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University drops hiring requirement in order to increase faculty diversity

Searching for ‘candidates with proven commitments to diversity, equity and inclusion’

The University of California, Davis, is scrapping a hiring requirement as part of its recently instituted drive to increase faculty diversity.

The school “is launching a pilot hiring program that eliminates the requirement — typical in department searches — that candidates have a specific disciplinary specialty,” Inside Higher Ed reports.

The program will be funded with over $400,000 of the school’s $7 million commitment to “expand existing programs to increase faculty diversity.”

As Higher Ed reports, “The idea is that a diverse search will lead to a diverse candidate pool. Instead of a focusing on a particular disciplinary expertise, search teams will look for candidates with proven commitments to diversity, equity and inclusion among underrepresented groups, namely black, Latino, Chicano and Native American applicants.”

Nearly ten colleges, schools and graduate programs at the university are participating in the pilot program. The university “will pay up to $85,000 toward the salary of each hire. Individual schools or colleges will be responsible for pay above that, and the professors’ entire salaries after five years.”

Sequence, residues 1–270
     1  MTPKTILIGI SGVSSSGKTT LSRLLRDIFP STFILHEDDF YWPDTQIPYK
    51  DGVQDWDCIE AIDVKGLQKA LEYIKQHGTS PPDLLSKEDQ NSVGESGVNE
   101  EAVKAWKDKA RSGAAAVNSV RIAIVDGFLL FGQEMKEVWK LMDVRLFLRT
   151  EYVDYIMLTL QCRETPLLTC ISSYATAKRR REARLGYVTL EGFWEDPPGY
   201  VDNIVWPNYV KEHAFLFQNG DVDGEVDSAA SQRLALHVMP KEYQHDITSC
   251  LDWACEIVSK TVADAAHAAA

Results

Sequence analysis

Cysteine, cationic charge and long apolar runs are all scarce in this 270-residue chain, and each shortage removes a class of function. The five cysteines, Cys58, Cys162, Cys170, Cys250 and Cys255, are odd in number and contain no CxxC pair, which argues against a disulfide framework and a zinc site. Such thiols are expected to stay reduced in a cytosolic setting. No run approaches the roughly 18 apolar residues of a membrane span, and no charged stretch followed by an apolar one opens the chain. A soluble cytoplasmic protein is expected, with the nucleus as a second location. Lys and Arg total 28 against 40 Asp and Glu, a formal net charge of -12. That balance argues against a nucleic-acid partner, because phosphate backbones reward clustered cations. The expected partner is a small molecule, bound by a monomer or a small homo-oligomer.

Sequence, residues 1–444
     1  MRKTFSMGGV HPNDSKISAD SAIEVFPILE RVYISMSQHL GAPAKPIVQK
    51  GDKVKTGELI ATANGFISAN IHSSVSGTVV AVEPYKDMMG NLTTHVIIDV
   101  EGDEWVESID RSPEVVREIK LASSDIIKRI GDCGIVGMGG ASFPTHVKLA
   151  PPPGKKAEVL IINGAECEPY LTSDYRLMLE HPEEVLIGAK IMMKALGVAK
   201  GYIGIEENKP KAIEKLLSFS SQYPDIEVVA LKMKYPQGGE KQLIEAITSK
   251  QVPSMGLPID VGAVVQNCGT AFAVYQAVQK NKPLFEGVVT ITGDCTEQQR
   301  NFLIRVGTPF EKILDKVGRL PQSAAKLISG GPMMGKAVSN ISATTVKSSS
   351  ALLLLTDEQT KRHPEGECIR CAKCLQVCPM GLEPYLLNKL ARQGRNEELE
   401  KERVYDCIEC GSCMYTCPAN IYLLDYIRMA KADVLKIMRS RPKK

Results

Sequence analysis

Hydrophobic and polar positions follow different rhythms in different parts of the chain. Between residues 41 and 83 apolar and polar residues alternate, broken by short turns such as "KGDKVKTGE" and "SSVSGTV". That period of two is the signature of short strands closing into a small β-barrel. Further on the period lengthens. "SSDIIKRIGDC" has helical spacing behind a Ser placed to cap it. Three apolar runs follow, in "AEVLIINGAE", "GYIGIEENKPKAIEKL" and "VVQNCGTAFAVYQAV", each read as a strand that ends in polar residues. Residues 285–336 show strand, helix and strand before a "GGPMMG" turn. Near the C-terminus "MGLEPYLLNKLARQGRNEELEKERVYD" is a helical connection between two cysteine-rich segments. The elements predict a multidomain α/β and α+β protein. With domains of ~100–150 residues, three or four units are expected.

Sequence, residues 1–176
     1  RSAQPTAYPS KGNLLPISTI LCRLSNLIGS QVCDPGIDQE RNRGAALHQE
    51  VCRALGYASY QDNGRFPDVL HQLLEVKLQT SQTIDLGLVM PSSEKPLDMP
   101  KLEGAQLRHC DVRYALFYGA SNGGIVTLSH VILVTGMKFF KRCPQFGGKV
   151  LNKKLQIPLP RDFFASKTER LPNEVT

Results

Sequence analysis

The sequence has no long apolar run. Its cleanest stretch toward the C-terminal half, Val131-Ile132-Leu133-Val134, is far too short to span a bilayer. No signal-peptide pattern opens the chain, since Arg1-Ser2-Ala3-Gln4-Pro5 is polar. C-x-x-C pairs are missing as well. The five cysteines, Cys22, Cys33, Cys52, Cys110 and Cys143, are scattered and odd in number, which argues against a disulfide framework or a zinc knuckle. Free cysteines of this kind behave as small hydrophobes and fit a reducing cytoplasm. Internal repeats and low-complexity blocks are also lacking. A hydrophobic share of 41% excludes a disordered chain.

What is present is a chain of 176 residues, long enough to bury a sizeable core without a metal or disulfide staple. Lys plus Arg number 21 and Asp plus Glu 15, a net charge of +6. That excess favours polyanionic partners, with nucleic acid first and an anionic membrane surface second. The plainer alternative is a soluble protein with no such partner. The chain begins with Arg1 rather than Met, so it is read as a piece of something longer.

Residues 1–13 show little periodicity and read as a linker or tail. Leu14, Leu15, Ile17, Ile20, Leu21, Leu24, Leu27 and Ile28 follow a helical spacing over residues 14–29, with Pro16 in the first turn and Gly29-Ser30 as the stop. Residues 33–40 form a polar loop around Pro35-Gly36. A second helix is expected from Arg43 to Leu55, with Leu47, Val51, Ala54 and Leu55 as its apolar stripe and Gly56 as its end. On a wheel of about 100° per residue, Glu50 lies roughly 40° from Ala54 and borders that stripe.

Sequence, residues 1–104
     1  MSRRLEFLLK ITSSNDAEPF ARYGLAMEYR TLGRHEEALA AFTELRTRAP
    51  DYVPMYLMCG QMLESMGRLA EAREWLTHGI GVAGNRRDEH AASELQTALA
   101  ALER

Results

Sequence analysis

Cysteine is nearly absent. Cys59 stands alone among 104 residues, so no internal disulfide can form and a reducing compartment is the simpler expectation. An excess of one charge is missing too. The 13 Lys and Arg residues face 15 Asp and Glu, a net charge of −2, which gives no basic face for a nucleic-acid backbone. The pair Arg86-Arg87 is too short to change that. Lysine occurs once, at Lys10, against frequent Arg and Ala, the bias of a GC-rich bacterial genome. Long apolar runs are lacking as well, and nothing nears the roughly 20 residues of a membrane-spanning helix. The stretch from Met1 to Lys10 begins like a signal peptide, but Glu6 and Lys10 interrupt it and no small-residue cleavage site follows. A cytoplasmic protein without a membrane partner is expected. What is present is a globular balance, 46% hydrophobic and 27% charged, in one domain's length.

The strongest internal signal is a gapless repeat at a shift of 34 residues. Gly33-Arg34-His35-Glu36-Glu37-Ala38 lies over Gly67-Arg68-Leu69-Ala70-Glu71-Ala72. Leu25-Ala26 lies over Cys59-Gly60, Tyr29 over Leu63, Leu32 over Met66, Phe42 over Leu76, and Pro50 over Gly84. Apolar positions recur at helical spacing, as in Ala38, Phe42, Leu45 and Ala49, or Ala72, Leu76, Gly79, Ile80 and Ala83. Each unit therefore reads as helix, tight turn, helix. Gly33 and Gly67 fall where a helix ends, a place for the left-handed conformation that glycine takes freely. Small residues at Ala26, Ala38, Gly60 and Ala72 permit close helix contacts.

The university’s faculty is currently less than 10 percent “underrepresented minority,” Higher Ed reports. The school is moving toward becoming an Hispanic-serving institution, a designation awarded when “for at least one year, one-quarter of domestic, full-time students [are] Hispanic.”

The University of California, Berkeley, recently announced its intention to become Hispanic-serving. Five of the University of California campuses already hold this title.

Read Higher Ed’s report here.

MORE: Universities continue to hire faculty that meet diversity quotas

IMAGE: Ron Mader / Flickr.com

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